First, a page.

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A theorist, organist, and conductor, Jeff Ostrowski holds his B.M. in Music Theory from the University of Kansas (2004), and did graduate work in Musicology. He serves as choirmaster for the new FSSP parish in Los Angeles, where he lives with his wife and two children.
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“Church officials frequently asked Tomás Luis de Victoria for his opinion on cathedral appointments because of his fame and knowledge. He was faithful to his position as convent organist even after his professional debut as an organist, and never accepted any extra pay for being a chapelmaster. Held in great esteem, his contract allowed him frequent travel away from the convent, and he attended Palestrina's funeral (in Rome) in 1594.”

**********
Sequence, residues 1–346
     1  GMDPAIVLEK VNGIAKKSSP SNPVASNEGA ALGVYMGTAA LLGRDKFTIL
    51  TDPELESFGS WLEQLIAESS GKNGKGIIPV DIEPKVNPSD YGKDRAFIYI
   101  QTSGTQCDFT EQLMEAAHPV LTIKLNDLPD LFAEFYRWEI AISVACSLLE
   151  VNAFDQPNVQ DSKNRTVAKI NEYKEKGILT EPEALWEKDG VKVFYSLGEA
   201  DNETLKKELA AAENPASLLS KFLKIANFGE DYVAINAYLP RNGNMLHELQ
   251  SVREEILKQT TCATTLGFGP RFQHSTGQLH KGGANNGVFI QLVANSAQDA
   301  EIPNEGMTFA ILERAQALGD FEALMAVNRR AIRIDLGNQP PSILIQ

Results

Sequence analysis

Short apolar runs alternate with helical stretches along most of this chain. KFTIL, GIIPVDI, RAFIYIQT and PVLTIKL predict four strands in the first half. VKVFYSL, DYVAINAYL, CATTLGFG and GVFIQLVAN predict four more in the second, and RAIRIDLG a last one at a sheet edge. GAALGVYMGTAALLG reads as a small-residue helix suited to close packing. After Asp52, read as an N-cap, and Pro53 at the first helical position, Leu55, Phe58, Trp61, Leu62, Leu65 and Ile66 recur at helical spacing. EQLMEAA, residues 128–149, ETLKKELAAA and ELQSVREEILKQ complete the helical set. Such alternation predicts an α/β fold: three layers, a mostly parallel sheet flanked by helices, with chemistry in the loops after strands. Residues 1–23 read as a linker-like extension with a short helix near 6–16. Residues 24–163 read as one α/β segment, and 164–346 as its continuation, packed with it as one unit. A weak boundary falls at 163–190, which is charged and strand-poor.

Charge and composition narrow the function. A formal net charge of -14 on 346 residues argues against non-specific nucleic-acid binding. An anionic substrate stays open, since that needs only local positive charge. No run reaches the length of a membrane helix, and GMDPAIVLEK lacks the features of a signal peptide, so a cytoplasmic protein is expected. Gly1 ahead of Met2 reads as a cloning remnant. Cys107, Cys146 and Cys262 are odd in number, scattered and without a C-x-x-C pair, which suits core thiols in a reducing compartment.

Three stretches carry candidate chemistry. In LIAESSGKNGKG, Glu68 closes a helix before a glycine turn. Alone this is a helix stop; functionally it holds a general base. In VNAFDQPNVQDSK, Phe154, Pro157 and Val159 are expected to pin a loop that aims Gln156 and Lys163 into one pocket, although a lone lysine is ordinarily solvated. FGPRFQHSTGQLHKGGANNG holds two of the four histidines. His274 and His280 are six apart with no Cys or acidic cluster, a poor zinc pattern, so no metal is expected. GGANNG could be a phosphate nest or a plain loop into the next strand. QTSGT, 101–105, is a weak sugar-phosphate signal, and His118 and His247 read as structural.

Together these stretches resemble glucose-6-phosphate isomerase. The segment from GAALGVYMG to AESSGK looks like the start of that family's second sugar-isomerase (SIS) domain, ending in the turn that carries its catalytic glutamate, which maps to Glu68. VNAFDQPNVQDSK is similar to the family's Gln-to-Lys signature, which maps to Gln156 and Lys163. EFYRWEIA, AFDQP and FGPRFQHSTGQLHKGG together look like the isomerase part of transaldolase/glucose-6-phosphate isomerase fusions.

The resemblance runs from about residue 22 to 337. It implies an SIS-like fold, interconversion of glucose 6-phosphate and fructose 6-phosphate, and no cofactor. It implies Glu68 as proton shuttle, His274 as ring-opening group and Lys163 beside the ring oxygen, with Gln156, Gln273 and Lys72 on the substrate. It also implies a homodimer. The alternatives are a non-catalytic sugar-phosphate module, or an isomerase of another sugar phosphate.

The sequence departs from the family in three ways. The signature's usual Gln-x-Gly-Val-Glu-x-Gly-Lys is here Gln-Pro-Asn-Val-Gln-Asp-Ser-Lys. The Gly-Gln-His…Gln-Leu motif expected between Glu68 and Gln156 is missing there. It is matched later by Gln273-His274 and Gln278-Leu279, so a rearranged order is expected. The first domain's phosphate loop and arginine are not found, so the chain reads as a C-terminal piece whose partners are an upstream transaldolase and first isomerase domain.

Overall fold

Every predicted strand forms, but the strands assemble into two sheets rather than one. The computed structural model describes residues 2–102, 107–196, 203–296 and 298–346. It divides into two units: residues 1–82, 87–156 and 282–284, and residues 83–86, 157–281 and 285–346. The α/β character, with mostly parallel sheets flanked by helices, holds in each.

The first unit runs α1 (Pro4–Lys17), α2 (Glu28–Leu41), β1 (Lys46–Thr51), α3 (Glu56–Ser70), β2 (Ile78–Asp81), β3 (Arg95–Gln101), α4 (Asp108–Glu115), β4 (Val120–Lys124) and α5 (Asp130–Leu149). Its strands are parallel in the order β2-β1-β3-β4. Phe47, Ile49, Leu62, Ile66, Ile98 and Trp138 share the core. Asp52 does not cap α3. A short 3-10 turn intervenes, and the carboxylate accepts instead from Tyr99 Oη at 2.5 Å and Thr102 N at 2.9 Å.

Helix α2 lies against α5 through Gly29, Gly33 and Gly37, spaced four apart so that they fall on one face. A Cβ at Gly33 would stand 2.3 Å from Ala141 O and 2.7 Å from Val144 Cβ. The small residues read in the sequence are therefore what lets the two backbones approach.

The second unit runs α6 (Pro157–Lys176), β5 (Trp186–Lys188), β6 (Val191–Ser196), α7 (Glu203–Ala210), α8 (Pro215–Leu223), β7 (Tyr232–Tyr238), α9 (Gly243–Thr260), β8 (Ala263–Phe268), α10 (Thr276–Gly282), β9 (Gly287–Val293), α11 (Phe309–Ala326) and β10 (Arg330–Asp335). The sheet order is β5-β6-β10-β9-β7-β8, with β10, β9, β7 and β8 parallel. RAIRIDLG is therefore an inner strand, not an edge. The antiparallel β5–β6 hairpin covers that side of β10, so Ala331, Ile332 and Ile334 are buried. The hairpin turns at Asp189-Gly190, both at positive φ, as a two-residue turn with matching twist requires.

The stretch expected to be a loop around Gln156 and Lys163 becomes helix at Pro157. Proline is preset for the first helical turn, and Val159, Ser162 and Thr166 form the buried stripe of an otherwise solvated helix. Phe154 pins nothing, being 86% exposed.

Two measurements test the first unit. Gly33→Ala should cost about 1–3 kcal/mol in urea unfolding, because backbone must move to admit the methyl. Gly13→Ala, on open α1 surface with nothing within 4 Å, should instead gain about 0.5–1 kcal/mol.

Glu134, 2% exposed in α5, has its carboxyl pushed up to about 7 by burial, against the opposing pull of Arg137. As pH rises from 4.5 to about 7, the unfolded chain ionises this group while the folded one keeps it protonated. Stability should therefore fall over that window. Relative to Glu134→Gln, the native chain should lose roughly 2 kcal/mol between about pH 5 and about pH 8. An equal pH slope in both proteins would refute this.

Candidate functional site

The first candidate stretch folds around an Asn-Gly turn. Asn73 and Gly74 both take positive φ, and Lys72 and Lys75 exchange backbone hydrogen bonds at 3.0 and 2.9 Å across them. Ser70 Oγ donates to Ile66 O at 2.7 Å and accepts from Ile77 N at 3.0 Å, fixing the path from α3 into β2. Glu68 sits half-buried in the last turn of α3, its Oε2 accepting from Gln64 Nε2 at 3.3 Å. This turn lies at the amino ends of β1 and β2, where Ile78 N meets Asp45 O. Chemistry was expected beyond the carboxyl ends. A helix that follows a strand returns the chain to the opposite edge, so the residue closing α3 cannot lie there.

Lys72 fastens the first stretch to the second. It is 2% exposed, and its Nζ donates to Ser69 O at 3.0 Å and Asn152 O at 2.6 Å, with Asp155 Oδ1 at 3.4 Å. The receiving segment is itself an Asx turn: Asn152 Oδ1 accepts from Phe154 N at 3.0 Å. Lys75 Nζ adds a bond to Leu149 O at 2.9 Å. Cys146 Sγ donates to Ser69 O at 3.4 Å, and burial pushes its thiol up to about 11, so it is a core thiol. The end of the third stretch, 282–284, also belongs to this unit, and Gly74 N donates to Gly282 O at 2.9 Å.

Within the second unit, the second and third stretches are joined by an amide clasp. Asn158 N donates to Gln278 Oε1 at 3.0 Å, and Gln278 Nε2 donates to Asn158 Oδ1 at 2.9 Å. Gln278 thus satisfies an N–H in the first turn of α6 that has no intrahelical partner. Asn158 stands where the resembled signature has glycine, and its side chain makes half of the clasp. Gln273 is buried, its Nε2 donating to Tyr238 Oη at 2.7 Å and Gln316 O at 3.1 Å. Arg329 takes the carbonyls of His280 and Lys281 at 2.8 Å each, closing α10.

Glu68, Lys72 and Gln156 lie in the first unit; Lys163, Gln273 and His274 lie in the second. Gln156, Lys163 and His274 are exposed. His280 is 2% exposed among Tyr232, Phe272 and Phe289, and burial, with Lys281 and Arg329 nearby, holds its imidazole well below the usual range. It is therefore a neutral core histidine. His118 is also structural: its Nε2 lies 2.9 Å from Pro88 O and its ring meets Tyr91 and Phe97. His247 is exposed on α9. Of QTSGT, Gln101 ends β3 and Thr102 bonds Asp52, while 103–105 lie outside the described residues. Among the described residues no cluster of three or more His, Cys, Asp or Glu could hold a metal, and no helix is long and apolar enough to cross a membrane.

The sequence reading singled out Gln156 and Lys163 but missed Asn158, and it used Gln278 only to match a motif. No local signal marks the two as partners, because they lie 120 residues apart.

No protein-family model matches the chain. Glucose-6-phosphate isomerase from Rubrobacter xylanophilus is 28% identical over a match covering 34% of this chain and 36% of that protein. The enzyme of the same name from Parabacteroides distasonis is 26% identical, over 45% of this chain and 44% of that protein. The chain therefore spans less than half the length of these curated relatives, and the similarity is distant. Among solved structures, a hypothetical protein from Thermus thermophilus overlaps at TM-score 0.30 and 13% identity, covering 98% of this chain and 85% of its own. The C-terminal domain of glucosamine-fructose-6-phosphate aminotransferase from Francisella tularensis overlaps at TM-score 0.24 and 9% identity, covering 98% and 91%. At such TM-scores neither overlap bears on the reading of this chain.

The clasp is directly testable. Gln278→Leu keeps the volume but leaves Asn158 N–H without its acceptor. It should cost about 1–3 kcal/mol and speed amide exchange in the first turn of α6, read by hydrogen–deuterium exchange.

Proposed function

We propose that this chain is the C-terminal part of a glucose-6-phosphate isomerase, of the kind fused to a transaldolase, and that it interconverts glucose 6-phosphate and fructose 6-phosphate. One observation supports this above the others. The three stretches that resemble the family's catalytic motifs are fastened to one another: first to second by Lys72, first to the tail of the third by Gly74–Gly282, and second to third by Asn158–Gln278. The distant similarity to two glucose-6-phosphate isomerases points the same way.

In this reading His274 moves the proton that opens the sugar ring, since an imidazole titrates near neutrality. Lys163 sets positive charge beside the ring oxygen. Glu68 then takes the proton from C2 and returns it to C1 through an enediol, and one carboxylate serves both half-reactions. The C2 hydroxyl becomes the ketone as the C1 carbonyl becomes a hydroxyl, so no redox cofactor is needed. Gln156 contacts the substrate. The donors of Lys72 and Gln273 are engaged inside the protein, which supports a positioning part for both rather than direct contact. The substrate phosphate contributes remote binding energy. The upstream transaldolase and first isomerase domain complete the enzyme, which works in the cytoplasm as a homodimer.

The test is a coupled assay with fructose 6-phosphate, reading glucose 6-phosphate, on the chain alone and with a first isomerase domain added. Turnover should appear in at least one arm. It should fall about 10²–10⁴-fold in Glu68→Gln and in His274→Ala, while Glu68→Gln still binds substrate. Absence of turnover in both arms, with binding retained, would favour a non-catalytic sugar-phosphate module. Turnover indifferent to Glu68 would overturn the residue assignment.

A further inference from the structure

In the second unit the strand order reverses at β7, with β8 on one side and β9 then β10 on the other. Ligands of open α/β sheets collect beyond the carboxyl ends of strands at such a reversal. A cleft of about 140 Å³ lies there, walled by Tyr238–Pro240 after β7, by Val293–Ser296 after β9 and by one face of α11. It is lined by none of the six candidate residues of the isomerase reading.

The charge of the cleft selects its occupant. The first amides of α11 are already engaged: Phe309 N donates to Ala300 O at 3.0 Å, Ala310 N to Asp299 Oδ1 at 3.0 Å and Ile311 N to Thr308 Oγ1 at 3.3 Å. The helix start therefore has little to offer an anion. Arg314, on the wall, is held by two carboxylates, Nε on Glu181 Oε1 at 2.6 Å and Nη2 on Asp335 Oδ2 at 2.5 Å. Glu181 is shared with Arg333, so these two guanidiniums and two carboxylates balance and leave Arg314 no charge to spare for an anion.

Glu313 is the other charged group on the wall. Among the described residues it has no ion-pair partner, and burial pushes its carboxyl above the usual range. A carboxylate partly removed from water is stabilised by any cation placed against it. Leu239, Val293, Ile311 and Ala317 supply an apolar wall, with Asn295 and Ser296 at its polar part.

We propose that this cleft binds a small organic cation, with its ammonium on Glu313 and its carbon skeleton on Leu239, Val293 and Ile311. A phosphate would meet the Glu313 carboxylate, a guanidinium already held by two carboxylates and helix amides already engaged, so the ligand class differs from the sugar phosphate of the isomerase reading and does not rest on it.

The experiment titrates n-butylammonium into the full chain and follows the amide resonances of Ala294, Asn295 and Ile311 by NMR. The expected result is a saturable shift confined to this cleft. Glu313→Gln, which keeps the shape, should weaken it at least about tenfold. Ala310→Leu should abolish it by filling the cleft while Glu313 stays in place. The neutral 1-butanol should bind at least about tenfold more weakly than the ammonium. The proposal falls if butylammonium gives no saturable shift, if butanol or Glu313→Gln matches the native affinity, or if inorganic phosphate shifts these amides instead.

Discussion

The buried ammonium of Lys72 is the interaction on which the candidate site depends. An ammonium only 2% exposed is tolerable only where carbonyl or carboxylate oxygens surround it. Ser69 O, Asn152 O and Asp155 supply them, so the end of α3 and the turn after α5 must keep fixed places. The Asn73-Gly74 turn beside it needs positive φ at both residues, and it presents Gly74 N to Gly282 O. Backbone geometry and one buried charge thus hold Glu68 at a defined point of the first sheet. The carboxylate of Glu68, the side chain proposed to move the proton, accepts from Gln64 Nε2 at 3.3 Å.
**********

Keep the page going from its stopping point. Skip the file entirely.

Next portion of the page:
— Dr. Robert Stevenson, 1961 (mod.)

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What? Sundays after Pentecost?
published 15 October 2015 by Jeff Ostrowski

OR THE FINAL SUNDAYS after Pentecost, something funky happens in the Extraordinary Form. The propers are repeated over and over, but the readings are taken from various Sundays after Epiphany, depending on how many “extra” Sundays occur. In the CAMPION MISSAL, there’s an explanation chart, and then every possible Sunday is fully written out (even extremely rare ones) making things easy on the congregation.

Here’s that chart, with the key sentence highlighted in yellow:

209 Sundays after Pentecost

Be careful this year.

25 October is Christ the King Sunday (replacing the 22nd Sunday after Pentecost). The next Sunday (November 1st) is the feast of All Saints. Then, 8-Nov, 15-Nov, and 22-Nov use the same propers. Your Schola Cantorum will probably get pretty good at these…

For the record, here’s what Fr. Adrian Fortescue has to say about “Sundays after Trinity” vs. “Sundays after Pentecost” :

203 Sarum Rite Fortescue